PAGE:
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By Royal Calkins
I’ll be as straightforward as I can here to help clear up the confusion that some people, Luis Alejo chief among them, are trying to create regarding FPPC investigations and shenanigans of the type county officials sometimes engage in.
The state Fair Political Practices Commission is still investigating allegations that Monterey County supervisors John Phillips and Chris Lopez received campaign contributions routed to them by local political action committees that illegally coordinated activities with the candidates. An FPPC spokesman confirmed that on Tuesday.
As part of that same ongoing, continuing, incomplete and in-progress investigation, investigators for the FPPC, the state’s official campaign watchdog, are also scrutinizing an allegation that the political action committees (PACs) were essentially laundering campaign contributions to obscure the sources of the money. There are other elements to that investigation, which began a year ago and eventually cast a shadow on Monterey County’s award of a Laguna Seca management contract to local hotelier John Narigi, who appears to be at the center of the inquiry.
I hope you’re with me so far because this is where Supervisor Luis Alejo comes in.
On Tuesday morning, Alejo sent out a tweet proclaiming that the investigation was over. It isn’t. What is over is an unrelated investigation that happens to involve a couple of the same people. It was a relatively minor investigation involving missed deadlines on campaign financial reports filed by Supervisor Phillips and Monterey County Sheriff Steve Bernal.
This is not the first time Alejo has attempted to trick the electorate into thinking the larger investigation had ended. Why? That isn’t clear. Perhaps the ongoing investigation is making some of his many contributors a little slower to reach for their checkbooks.
Stay with us here.
Alejo’s effort to muddle things began early Tuesday. That’s when the FPPC announced it had completed an investigation that has nothing to do with the one summarized above. It involved an anonymous allegation that accountant Warren Wayland, the treasurer of the most recent campaigns of Phillips and Bernal, had missed the legal deadline for reporting $10,000 contributions to Phillips and Bernal from the Salinas Valley Leadership Group. The Salinas Valley Leadership Group is a PAC formed a decade ago by contractor Don Chapin, a frequent campaign contributor and close associate of Supervisor Phillips.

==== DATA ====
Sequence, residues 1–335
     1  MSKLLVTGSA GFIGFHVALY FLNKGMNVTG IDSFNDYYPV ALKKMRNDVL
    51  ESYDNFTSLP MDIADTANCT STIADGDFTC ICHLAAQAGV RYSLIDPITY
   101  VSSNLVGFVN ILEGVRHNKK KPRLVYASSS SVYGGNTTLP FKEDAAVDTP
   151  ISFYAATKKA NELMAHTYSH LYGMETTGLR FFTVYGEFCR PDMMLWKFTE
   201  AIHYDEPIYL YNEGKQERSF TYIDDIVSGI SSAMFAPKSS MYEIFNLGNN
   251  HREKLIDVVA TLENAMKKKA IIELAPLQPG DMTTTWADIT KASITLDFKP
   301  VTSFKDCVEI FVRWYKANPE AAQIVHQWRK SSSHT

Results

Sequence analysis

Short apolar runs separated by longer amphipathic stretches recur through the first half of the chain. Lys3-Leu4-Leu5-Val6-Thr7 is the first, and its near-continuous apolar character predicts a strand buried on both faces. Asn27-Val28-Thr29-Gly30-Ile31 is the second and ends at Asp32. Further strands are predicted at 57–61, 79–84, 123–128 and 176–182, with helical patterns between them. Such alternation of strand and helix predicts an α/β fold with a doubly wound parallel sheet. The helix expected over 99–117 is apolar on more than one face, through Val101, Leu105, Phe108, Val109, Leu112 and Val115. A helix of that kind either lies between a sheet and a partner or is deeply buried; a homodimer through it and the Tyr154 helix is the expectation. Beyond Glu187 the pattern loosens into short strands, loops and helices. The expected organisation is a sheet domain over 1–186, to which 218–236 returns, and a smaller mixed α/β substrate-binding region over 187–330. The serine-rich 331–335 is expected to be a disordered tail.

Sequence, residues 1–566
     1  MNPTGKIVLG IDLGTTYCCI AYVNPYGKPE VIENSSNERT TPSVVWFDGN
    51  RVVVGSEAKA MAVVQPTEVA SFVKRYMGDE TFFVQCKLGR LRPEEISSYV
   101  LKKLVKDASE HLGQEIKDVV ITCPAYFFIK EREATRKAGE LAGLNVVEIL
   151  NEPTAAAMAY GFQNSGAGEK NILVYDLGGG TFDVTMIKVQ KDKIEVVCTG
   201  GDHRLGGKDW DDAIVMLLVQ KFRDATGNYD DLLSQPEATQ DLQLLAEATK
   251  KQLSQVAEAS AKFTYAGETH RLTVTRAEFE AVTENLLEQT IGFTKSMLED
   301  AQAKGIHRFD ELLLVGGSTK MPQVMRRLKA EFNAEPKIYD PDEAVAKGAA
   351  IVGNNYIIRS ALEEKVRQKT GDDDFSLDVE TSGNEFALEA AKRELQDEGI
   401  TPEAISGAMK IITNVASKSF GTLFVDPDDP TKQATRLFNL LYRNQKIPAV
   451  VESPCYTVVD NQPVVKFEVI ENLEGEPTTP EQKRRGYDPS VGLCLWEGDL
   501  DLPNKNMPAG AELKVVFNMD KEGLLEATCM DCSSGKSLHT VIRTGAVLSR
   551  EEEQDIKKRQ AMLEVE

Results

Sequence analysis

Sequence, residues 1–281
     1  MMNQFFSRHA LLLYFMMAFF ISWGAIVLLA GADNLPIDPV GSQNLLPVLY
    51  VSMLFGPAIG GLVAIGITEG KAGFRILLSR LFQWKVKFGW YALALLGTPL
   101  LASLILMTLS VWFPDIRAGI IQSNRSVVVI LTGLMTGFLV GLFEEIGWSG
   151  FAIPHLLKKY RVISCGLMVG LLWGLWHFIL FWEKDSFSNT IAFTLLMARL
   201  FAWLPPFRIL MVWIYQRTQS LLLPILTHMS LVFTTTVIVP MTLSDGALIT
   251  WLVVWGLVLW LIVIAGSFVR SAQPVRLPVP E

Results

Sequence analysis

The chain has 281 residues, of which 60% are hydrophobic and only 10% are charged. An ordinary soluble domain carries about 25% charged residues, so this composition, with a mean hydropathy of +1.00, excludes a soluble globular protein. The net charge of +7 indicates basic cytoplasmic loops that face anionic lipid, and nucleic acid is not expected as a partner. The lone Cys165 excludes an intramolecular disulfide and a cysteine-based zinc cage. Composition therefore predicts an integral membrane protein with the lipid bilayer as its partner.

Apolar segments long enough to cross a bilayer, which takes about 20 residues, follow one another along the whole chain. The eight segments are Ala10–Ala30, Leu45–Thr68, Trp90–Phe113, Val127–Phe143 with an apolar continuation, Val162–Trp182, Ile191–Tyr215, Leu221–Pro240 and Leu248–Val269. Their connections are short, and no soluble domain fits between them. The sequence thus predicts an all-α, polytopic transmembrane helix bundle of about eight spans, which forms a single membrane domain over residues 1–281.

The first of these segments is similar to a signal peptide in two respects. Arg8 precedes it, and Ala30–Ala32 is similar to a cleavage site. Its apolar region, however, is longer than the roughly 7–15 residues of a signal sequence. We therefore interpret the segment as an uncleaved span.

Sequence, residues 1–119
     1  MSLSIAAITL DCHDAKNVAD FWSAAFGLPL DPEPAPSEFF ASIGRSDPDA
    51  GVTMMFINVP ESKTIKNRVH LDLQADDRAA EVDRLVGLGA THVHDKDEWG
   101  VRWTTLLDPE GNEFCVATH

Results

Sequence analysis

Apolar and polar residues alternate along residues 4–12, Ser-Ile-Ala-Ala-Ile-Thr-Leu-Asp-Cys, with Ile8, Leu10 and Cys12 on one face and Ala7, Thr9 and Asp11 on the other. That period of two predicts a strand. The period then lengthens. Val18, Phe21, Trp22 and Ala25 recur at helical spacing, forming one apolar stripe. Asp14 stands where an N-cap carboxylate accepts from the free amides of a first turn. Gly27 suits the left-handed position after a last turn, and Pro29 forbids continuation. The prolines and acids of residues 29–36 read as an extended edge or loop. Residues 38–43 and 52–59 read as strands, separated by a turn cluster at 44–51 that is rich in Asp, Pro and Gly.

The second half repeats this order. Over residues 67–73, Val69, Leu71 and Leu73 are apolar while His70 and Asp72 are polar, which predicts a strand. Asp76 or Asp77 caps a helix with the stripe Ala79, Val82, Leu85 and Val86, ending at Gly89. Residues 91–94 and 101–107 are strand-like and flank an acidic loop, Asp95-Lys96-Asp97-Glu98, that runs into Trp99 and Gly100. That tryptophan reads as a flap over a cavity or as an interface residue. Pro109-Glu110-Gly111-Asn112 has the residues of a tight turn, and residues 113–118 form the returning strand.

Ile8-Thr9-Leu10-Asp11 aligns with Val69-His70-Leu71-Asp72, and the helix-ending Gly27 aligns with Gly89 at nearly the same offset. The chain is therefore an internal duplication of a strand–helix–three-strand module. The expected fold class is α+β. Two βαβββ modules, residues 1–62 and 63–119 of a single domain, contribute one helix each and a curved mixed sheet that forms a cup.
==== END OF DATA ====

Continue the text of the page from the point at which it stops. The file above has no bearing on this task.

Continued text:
In the last month of a campaign, candidates are required to report significant contributions within 24 hours so the public knows where the money is coming from. Wayland, who serves as treasurer for many area Republicans, missed the deadline by weeks.
In the completed investigation involving Wayland, the FPPC could have fined him $30,000 but the FPPC staff is recommending a fine of just $4,000 because he had no previous violations. In fact, the FPPC in 2008 fined supervisorial candidate Steve Collins $7,000 because he and treasurer Wayland had reported that Collins had lent $70,000 to his campaign when the money actually had come from Don Chapin and Scheid Vineyards. Collins said at the time that Wayland had paid the fine.
Back to Alejo.
Alejo, whose supervisorial district takes in most of Salinas, makes considerable use of Donald Trump’s favorite medium to trumpet his progressive credentials, celebrate favorite causes and swipe at selected targets. On Tuesday, he used it to tweet out a chunk of fake news.
It went like this:
“So, they (the FPPC) didn’t find any serious wrongdoing that some alleged just a few months ago during the #LagunaSeca Management change vote. Late filings by the hired CPA falls way short of what the accuser was claiming, but people were defamed in the process! It was indeed a smear tactic.”
It’s insider baseball but the intent is clear if you’ve been following the game fairly closely. It was meant to mislead.
The Wayland complaint, the one about missing filing deadlines, was filed in 2018. The unrelated complaint regarding PACs and the supervisors, the complaint Alejo calls a smear, was filed in March 2019. That more recent complaint, filed by campaign consultant Christian Schneider, alleges that Phillips, Supervisor Chris Lopez and Sheriff Bernal had benefited from contributions essentially laundered through a network of political action committees, three of which shared Narigi as an officer. He now runs the Laguna Seca track under contract with the county.
(Wayland is involved with some of the PACS and some of the candidates but Schneider’s complaint had nothing to do with late reporting by him or anyone else.)